La Jolla, Calif. – A research team lead by the Burnham Institute has synthesized and tested a new series of inhibitors that can prevent the type of nerve cell injury and death associated with many neurodegenerative diseases and stroke. The study, led by Stuart Lipton, MD, PhD, professor and director of Burnham's Del E. Webb Center for Neuroscience and Aging Research, is published in the July issue of the Journal of Neuroscience. There is but one medical treatment approved for stroke, the third leading cause of death in the United States: tissue plasminogen activator ("tPA"). tPA must be administered within 3 hours of stroke onset to restore the flow of blood to the brain. Unfortunately, treatment with tPA can also contribute to nerve cell damage. In recent years, medical scientists have begun to understand that tPA activates an entire family of enzymes, called matrix metalloproteinases, that normally regulate how cell structures are held together. Dr. Lipton, together with first author Dr. Zezong Gu, and other colleagues at Burnham, University of Notre Dame, and Wayne State University in Detroit, have found that a molecule called SB-3CT blocks the activity of one member of the metalloproteinase family, called MMP-9. Previous work at Burnham and elsewhere has shown that damage to the brain triggers excessive activity among MMPs, especially MMP-9. The enzymes degrade cell structures, inducing cell death and escalating brain damage in mice. In the current study, the researchers determined the particular mechanism of action for MMP-9. In doing so, they identified a new drug target and, armed with this knowledge, generated a lead therapeutic compound, SB-3CT.
St. Paul, Minn. – A new therapy that uses magnetic pulses to stimulate the brain may improve recovery after a stroke, according to a study published in the May 24 issue of Neurology, the scientific journal of the American Academy of Neurology. The treatment, called repetitive transcranial magnetic stimulation, improved motor function in a small group of people. For the stimulation, an insulated wire coil is placed on the scalp, and a brief electrical current is passed through the coil, creating a magnetic pulse that stimulates the outer part of the brain, called the cortex. The study involved eight people, ages 35 to 63, who had a stroke within the last year and were relearning to use their affected hands. They were compared to six people who had never had a stroke. The stroke patients received three sessions of magnetic stimulation to the side of the brain that had not been affected by the stroke using different parameters, including sham (mock) stimulation. A sham is the application of the procedure excluding the actual treatment being studied and is intended to address the question of a placebo effect. The six healthy participants were tested with the same battery of tests to evaluate the learning effect associated with repeated testing. All of the participants performed tests before and after the stimulations. The tests evaluated the motor function of the hand that was affected by the stroke. For example, reaction time was tested, along with how many finger taps could be performed over a period of time.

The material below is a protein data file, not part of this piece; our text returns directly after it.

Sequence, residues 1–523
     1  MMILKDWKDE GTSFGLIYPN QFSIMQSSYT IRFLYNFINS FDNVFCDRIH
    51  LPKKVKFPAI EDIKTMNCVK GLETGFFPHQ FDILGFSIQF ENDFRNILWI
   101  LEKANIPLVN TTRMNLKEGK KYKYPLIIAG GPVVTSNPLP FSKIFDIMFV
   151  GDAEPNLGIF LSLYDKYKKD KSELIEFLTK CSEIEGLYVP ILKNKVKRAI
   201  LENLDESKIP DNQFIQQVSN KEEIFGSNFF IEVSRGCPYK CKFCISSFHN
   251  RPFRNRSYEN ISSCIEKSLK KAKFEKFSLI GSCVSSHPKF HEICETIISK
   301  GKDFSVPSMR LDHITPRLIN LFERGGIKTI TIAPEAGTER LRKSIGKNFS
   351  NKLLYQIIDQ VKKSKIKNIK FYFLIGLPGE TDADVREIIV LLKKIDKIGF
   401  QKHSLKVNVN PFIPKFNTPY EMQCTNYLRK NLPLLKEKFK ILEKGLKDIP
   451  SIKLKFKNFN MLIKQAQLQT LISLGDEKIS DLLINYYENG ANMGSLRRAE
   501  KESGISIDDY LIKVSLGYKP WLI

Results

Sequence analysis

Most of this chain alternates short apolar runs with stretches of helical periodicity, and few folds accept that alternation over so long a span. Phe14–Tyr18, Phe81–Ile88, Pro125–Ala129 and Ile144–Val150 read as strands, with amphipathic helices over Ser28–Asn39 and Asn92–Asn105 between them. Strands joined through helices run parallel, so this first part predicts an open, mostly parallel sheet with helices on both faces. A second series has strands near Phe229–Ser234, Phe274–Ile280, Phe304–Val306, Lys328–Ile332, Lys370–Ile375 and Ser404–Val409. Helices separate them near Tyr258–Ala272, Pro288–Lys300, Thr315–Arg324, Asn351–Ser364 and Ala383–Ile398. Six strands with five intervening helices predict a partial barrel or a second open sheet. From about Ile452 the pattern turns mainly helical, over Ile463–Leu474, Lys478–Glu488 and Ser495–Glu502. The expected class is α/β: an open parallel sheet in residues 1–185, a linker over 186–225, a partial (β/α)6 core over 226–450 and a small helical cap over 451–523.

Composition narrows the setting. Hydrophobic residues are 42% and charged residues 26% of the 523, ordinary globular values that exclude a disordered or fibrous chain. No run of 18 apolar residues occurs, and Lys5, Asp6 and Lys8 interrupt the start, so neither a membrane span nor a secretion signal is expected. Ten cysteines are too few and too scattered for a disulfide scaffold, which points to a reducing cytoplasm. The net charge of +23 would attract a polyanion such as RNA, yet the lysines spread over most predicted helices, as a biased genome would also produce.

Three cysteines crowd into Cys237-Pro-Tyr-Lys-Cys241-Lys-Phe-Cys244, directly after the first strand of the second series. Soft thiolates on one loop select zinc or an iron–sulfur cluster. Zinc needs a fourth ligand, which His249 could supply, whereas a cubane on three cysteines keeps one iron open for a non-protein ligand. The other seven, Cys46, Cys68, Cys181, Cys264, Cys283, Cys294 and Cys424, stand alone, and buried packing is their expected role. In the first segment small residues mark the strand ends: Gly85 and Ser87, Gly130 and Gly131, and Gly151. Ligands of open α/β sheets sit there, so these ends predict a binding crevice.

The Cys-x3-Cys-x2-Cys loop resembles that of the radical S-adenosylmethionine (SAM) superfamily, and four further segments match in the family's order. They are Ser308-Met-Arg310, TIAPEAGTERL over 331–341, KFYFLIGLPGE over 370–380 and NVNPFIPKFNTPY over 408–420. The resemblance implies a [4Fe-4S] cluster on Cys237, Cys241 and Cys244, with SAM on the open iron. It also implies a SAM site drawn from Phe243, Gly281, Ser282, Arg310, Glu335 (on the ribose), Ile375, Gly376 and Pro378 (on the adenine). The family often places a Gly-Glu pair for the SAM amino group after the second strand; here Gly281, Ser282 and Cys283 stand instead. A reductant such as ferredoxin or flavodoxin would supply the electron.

In 2001, a massive stroke left Pete Cornelis all but paralyzed – robbing him of his passion for painting, as well as everyday things like walking and eating. "The only thing I could move on my entire body was my two fingers," he recalls. But thanks to his treatment at The Neurological Institute of New York, part of Columbia University Medical Center, followed by years of hard work, perseverance and extensive physical therapy, Cornelis managed to regain almost all of his lost movement. "I was surprised by how much I had to relearn," he ays. But, "it is absolutely possible to retrain you brain, to re-wire it, and have it learn what the old [damaged brain] parts used to do." His brain had to slowly work to compensate for the areas of his brain that were basically dead and could not be revived. When a stroke occurs, blood flow to part of the brain is interrupted when a blood vessel becomes damaged or blocked. The blood normally brings oxygen and nutrients that the brain cells in the immediate area need to survive. Without the blood the brain cells begin to die and stroke victims lose the functions that were controlled by those brain cells. About 80% of all strokes are ischemic, caused by a blood clot that blocks a blood vessel or artery in the brain. The other 20% are caused by a weakened blood vessel that breaks and bleeds into the brain. This is known as hemorrhagic stroke, and is often fatal. Around 600,000 new strokes, or "brain attacks" are reported each year. (C) ScienCentral, 2000-2005.